- the obscuration of the light of the moon by the intervention of the earth between it and the sun (lunar eclipse) or the obscuration of the light of the sun by the intervention of the moon between it and a point on the earth (solar eclipse).
- a similar phenomenon with respect to any other planet and either its satellite or the sun.
- the partial or complete interception of the light of one component of a binary star by the other.
verb (used with object), e·clipsed, e·clips·ing.
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Origin of eclipse
OTHER WORDS FROM eclipse
Words nearby eclipse
Example sentences from the Web for eclipsed
At that same conference in D.C. where she met Saa, Gurira performed an excerpt from Eclipsed.
The glamour of the seaside resort has long since been eclipsed by spectacular violence.
The first is the shared history of the Americas, too often eclipsed by the story of U.S. “exceptionalism.”
His flaws are eclipsed by the sizable shadow of his strengths.
After the elder Paul was eclipsed by his son, Stinnett rebranded.
I'm half afraid that our showy friend has eclipsed him in your eyes, as I own to you he has in mine, clever fellow that he is.The Martins Of Cro' Martin, Vol. I (of II)|Charles James Lever
This would not by any means authorize us in supposing the satellites to be eclipsed.Biographies of Distinguished Scientific Men|Francois Arago
Even this comedian of jaws and claws was eclipsed in success.The Man Who Laughs|Victor Hugo
Thrones are eclipsed like stars, and vanish from the political horizon.Tales from Blackwood|Various
The count, by his skill in dancing, eclipsed the three best dancers of the city.A Russian Proprietor|Lyof N. Tolstoi
British Dictionary definitions for eclipsed
Derived forms of eclipseeclipser, noun
Word Origin for eclipse
Scientific definitions for eclipsed
A Closer Look
The Sun is about 400 times wider than the Moon and 400 times farther from Earth, causing the two to appear to be almost exactly the same size in our sky. This relationship is also responsible for the phenomenon of the total solar eclipse, an eclipse of the Sun in which the disk of the Moon fully covers that of the Sun, blocking the Sun's light and causing the Moon's shadow to fall across the Earth. A total solar eclipse can be viewed only from a very narrow area on Earth, or zone of totality, where the dark central shadow of the Moon, or umbra, falls. From this perspective one can view the Sun's delicate corona-tendrils of charged gases that surround the Sun but are invisible to the unaided eye in normal daylight. This is also the only time when stars are visible in the day sky. Those viewing the eclipse from where the edges of the Moon's shadow, or penumbra, fall to Earth will see only a partial solar eclipse. The orbits of the Earth around the Sun and of the Moon around the Earth are not perfect circles, causing slight variations in how large the Sun and Moon appear to us and in the length of solar eclipses. The maximum duration of a total solar eclipse when the Earth is farthest from the Sun and the Moon is closest to the Earth is seven and a half minutes.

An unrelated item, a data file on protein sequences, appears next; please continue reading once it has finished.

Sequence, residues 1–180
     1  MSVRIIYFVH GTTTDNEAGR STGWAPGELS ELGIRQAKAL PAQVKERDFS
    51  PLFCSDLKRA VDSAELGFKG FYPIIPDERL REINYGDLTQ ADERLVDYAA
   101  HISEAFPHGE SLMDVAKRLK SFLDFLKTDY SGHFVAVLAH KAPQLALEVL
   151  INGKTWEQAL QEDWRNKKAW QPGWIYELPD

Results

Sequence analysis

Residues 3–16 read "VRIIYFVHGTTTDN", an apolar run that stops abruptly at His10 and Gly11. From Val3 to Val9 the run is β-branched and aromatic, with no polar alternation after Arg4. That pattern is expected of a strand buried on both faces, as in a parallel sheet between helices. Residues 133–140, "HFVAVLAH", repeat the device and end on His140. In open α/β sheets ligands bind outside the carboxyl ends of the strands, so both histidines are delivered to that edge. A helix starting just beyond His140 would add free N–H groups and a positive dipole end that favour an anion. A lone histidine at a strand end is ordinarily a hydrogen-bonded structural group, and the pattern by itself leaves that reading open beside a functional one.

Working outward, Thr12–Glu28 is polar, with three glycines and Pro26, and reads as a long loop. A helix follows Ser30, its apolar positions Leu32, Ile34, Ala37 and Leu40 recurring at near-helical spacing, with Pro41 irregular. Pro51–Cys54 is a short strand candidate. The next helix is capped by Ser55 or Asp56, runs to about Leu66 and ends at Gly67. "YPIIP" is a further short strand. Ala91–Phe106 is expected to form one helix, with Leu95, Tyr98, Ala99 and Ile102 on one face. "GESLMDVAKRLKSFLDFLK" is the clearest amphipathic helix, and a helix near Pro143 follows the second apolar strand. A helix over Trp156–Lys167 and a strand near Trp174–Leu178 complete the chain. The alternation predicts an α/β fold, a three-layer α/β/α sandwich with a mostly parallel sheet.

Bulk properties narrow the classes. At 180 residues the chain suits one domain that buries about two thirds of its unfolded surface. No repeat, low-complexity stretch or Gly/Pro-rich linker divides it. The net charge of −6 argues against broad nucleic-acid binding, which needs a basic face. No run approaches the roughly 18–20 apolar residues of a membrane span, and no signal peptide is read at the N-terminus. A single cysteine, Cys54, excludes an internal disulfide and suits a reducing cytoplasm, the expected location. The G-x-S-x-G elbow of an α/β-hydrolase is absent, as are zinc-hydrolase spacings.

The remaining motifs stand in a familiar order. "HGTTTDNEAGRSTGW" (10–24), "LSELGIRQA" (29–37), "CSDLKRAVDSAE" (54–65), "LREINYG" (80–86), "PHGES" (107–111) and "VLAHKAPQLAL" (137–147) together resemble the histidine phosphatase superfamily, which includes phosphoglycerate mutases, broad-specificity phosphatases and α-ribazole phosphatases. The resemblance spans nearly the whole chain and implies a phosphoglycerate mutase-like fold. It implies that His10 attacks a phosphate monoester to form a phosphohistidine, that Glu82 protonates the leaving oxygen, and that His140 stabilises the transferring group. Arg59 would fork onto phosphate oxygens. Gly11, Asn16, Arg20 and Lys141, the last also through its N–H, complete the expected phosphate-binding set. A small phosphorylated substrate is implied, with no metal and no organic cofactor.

Cultural definitions for eclipsed
In astronomy, the blocking out of light from one object by the intervention of another object. The most dramatic eclipses visible from the Earth are eclipses of the sun (when sunlight is blocked by the moon) and eclipses of the moon (when sunlight on its way to the moon is blocked by the Earth).